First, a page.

If the Cauvery water-sharing dispute between Karnataka and Tamil Nadu -- dating back to 1892 between the erstwhile Madras Presidency under the British Raj and the princely Mysore state -- has exploded again into a war, the discord between Karnataka and Goa over dividing the water of the Mahadayi river simmers under the surface, says Radhika Ramaseshan.
The Congress might hope that the Karnataka government's decision to grant a 'minority' status to the Lingayat and Veerashaiva-Lingayat castes will impact the Bharatiya Janata Party's tactic to consolidate the state's Hindus by dimming the caste fault lines.
The BJP might persist in using issues like the advocacy of militant vegetarianism and 'nationalism' to answer the caste challenge.
Beneath the political potency that such factious subjects have, Karnataka is grappling with more serious state-related matters that impinge as much upon the Centre's ability to adjudicate fairly and seek resolution.
One of the issues is a perennial one, involving the distribution of the waters from the rivers flowing through Karnataka and its neighbours. The issue works up emotions to the same degree as a communal one might and sets off conflicts between local communities.
If the Cauvery water-sharing dispute between Karnataka and Tamil Nadu -- dating back to 1892 between the erstwhile Madras Presidency under the British Raj and the princely Mysore state -- has exploded again into a war, the discord between Karnataka and Goa over dividing the water of the Mahadayi river simmers under the surface.
The altercation might have blown up before the assembly elections, had Goa Chief Minister Manohar Parrikar not been out of action. Parrikar is away in the United States for medical treatment.
Tamil Nadu's principal Opposition party, the Dravida Munnetra Kazhagam, called a bandh on April 6 to protest a Supreme Court ruling on Cauvery and the Centre’s 'inability' to work for an amicable resolution despite being directed by the apex court to seek one.
To retaliate, Karnataka activist Vatal Nagaraj has announced a shutdown on April 12 to force the Centre not to 'succumb' to the DMK’s pressure for setting up the Cauvery Management Board.
Nagaraj is not a peasant leader in the mould of Karnataka legends like K S Puttamaiah and Professor M D Nanjundaswamy because he is used to flagging issues that play on popular emotions and could fuel the rhetoric used by political parties.
Cauvery is one of them because in 2017, Nagaraj protested against comments made by Sathyaraj, a Tamil film actor, during a Cauvery agitation spearheaded by the Tamil Nadu Actors’ Association.
On February 16 this year, the Supreme Court tweaked the 2007 verdict of the Cauvery Water Disputes Tribunal (set up in 1990) and increased Karnataka's share at Tamil Nadu’s expense.
The court also directed the Centre to formulate a scheme for apportioning water between Karnataka, Tamil Nadu, Kerala and Puducherry but the Narendra Modi government sought a three-month extension, citing the assembly elections as the reason.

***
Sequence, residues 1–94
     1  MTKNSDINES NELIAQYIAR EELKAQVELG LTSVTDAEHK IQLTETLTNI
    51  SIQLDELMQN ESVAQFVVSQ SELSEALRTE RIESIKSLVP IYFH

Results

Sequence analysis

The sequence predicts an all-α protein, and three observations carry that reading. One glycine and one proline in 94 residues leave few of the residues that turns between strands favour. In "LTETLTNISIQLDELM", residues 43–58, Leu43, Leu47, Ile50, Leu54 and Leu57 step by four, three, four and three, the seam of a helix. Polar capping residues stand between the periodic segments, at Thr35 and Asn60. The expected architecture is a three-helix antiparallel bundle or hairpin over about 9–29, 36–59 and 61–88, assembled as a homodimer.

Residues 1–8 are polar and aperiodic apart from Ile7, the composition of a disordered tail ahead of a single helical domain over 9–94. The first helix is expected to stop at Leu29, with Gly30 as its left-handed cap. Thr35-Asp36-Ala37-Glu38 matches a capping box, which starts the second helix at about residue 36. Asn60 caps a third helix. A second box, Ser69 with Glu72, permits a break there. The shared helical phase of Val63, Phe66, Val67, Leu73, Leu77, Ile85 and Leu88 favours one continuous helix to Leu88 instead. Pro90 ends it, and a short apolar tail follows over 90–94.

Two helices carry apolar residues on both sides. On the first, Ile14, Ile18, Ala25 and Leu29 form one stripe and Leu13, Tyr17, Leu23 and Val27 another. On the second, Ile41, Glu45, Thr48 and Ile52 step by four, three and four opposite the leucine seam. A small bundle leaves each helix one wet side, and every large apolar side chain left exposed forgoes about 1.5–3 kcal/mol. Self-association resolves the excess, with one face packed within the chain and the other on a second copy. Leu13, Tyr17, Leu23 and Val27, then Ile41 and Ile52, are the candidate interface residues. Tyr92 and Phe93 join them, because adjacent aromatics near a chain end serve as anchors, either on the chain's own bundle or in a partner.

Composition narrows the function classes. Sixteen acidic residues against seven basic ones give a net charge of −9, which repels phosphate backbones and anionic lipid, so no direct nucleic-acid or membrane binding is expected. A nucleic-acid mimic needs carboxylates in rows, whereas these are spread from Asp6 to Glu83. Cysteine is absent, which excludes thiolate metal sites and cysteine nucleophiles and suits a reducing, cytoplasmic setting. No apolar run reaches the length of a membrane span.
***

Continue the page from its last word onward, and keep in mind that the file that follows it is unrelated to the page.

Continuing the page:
If and when it comes to the crunch, the political belief is that the BJP will likely tilt towards Karnataka, where its political investments far exceed those in Tamil Nadu.
The 765-km-long Cauvery originates in Karnataka’s Kodagu district and flows through Hassan, Mandya and Mysore in the Old Mysuru region before entering Tamil Nadu. Old Mysuru has the lion's share of 65 assembly seats (out of the 224) and has traditionally seen a direct fight between the Congress and the Janata Dal-Secular. The BJP just about exists in 10 seats.
Although it has featured less in the public domain, the Goa-Karnataka fracas over portioning out the Mahadayi waters has proved as intractable as Cauvery.
The dispute, when it began in July 1980, was confined to the Malaprabha command area. Called the Naragund rebellion, the area's farmers revolted against the then chief minister R Gundu Rao's decision to collect a betterment levy without providing water from the Mahadayi.
Goa was irked by Karnataka’s move to design and construct dams, canals and barrages that would route the Mahadayi waters to the Malaprabha basin and water the parched districts of Bagalkot, Gadag, Dharwad and Belgaum in 'Bombay' Karnataka, bordering Maharashtra, to the north-west.
Goa's contentions were that its population was dependent on the river’s natural course, diversion would impair the fragile ecosystem and deprive the state of the quantum of required water.
Karnataka's point was since Goa 'allowed' the surplus water to flow into the sea, it should be channelled into the deficit Malaprabha basin.
Eventually, the Supreme Court stayed the construction of dams and canals by Karnataka and set up a water dispute tribunal that Goa sought in 2010. Goa accused Karnataka of being a bully.
The BJP found itself between a rock and a hard resting place. Soon after the BJP formed a government in Goa in 2017, the party president, Amit Shah, asked Parrikar and Karnataka CM candidate B S Yeddyurappa to 'settle' the matter.
Parrikar did not meet Yeddyurappa but in deference to Shah's directive he wrote a missive in which he stated that Goa was willing to release the Mahadayi water as long as it was used only for drinking in the drought-prone areas and not for irrigation.
As Yeddyurappa flaunted Parrikar's letter as a 'resolution', Karnataka CM Siddaramaiah asked on whose authority had Yeddyurappa 'acted' and whether he was the country’s prime minister.
Nothing more was heard of the Mahadayi issue but the BJP leaders and workers of 'Bombay' Karnataka have pressured the party to articulate their stand, failing which they may have a hard time answering people's questions.